President Donald Trump, with his open contempt for institutions like NATO and the EU and skepticism about the value of longtime U.S. alliances, isn’t exactly known for thriving relationships with his counterparts in Europe. His rapport with European leaders like German Chancellor Angela Merkel and French President Emmanuel Macron has generally soured over the course of his presidency. So coming together for a three-day state visit to the U.K. and Ireland ahead of the commemoration of the 75th anniversary of the D-Day Invasion posed a challenge as the president embarked on tour marked with pageantry and pomp—and a few instances of controversy. Here’s a look at Trump’s week of awkward encounters:
Trump’s first stops on his state visit to the U.K. were with members of the British Royal Family. But the president had already caused controversy before he ever even touched down on the British Isles, saying in an interview with a British tabloid that the Duchess of Sussex—the former Meghan Markle—was “nasty” toward him and on Twitter that London Mayor Sadiq Khan was a “stone cold loser.”
Trump on Tuesday had what could be his last meeting with lame-duck U.K. Prime Minister Theresa May, who is likely to step down as prime minister before the end of July. Trump gave May a figurative pat on the back on her way out the door—praising her more highly than he has in the past, saying she has done a “very good job” on Brexit negotiations and that “she’s probably a better negotiator than I am.” The two never had a particularly warm relationship, with Trump frequently criticizing her in the past for how she’s handled Brexit. Amid a leadership battle over who will replace May, Trump praised her conservative rival Boris Johnson, who apparently declined a requested meeting with the president. Another candidate, British Foreign Secretary Jeremy Hunt, also received praise from Trump.
Offering a somewhat unintentional hint at how difficult securing a U.S.-U.K. free trade agreement could actually be, Trump told reporters during the joint press conference with May that everything—including the popular British public health program the National Health System—should be “on the table” during trade negotiations with the U.S. But that only came after May had to explain to Trump away from the mic what “NHS” stood for after a reporter posed the question and Trump either couldn’t hear or wasn’t aware of the acronym.
After his visit to the U.K., Air Force One landed in Ireland on Wednesday where Trump met Irish Prime Minister Leo Varadkar at Shannon airport. (Varadkar and his staff reportedly turned down a request from the administration to hold the meeting at a Trump-owned golf course on Ireland’s Atlantic coast.) Trump’s visit with Varadkar only became more awkward later when—sitting next to an obviously uncomfortable Varadkar—Trump likened Ireland’s post-Brexit border with Northern Ireland to his proposed border wall along the U.S.-Mexico border.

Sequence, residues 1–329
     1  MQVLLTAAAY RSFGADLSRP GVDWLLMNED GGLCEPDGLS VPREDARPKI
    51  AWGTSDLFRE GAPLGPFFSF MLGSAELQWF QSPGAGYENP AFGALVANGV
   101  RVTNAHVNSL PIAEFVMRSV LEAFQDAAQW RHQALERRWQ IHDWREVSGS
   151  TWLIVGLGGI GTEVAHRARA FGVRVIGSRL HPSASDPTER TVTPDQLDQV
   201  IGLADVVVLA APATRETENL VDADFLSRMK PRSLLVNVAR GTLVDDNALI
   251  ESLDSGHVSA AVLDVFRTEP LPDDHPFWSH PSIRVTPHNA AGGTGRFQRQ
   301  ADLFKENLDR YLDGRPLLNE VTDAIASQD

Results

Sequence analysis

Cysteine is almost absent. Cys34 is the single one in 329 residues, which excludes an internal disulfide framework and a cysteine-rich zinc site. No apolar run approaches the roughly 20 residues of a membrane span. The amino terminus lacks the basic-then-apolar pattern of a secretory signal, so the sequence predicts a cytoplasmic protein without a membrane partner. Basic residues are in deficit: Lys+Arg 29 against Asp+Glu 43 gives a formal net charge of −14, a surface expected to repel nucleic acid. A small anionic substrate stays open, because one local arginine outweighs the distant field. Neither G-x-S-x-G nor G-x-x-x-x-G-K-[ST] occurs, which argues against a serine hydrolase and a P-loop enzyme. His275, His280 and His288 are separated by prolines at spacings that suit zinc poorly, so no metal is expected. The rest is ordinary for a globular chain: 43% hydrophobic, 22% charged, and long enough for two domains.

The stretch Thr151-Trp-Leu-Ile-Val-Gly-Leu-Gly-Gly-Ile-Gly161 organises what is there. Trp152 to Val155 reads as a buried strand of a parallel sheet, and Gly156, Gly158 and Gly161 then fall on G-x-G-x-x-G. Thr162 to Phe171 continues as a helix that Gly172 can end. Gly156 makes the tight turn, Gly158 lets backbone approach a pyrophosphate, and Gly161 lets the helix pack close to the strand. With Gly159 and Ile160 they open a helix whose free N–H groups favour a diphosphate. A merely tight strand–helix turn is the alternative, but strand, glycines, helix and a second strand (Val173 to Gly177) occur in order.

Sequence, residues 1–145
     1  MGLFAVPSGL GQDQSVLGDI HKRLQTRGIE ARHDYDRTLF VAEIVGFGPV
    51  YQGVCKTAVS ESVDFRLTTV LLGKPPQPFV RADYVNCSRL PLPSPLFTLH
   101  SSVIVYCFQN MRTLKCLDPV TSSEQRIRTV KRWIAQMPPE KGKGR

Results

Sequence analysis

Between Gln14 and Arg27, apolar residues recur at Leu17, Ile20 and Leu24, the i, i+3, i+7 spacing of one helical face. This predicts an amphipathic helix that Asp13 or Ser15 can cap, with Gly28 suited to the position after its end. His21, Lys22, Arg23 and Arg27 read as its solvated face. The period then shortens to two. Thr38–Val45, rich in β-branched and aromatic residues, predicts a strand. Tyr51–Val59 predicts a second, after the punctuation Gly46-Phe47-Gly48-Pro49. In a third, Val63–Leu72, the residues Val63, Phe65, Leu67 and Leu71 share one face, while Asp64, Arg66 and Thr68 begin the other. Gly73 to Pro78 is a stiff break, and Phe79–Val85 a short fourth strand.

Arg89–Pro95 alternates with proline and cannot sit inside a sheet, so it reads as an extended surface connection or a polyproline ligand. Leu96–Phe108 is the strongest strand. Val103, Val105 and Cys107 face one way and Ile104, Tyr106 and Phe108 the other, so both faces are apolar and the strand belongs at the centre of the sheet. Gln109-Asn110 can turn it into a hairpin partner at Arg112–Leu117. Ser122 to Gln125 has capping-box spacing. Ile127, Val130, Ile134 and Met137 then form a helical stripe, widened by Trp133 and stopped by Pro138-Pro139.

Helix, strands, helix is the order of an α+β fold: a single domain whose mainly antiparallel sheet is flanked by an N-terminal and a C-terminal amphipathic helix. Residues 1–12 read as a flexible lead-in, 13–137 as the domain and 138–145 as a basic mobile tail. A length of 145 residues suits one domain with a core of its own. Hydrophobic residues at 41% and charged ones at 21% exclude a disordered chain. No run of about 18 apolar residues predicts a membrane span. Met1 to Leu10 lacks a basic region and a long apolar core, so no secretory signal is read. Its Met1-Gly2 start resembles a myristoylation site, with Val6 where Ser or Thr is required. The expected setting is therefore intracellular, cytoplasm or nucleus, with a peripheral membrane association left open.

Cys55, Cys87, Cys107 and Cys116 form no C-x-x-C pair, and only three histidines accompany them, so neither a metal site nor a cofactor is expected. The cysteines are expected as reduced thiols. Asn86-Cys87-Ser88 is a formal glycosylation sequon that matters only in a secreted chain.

“I think it will all work out very well, and also for you with your wall, your border,” Trump said. The Irish premier quickly interjected with what has been longstanding policy of the Irish government—that is wishes to avoid a border or a wall with Northern Ireland, which is a separate country that is part of the U.K. After Trump left, Varadkar later told the press that he explained the history of the Irish border during a tête-à-tête with Trump. He also said the two discussed trade, visas and other effects Brexit could have on the Republic of Ireland.
Trump and French President Emmanuel Macron’s vacillating and complicated relationship was on full display in France Thursday. Initially described as having a “bromance,” the two’s relationship soured after they diverged on issues like climate change and the Iran nuclear deal. While the two have taken jabs at each other in the past, Trump and Macron’s brief meeting in France after D-Day commemoration events was tame—perhaps it could be expected since the backdrop was near the beaches of Normandy and the graves of American soldiers.
But their differences remained apparent even as the two tried to downplay their disagreements over the Iran deal. Macron and Trump said only that they have the same objective when it comes to Iran, ignoring the fact that the two have seriously different ideas of how to get to that objective. Macron has supported the Obama-era pact that Trump pulled the U.S. out of last year. The French president did call for new negotiations to extend the deal.
Just a week after German Chancellor Angela Merkel took veiled swipes at Trump’s trade policy and his worldview while speaking to graduates at Harvard, the chancellor met Trump again in Portsmouth, England, for D-Day events. During her speech at Harvard, she told students to “tear down walls” and to avoid treating “lies as truth.” She never mentioned Trump’s name, but the target was clear. As their relationship too has gone downhill over Trump’s tenure, there was much focus on their body language during this week’s meetings.
Ahead of a short one-on-one, the two walked in together Wednesday but sat silently in front of press cameras. Press Secretary Sarah Sanders said the two discussed the situation in Libya and in West Africa during their private talk.
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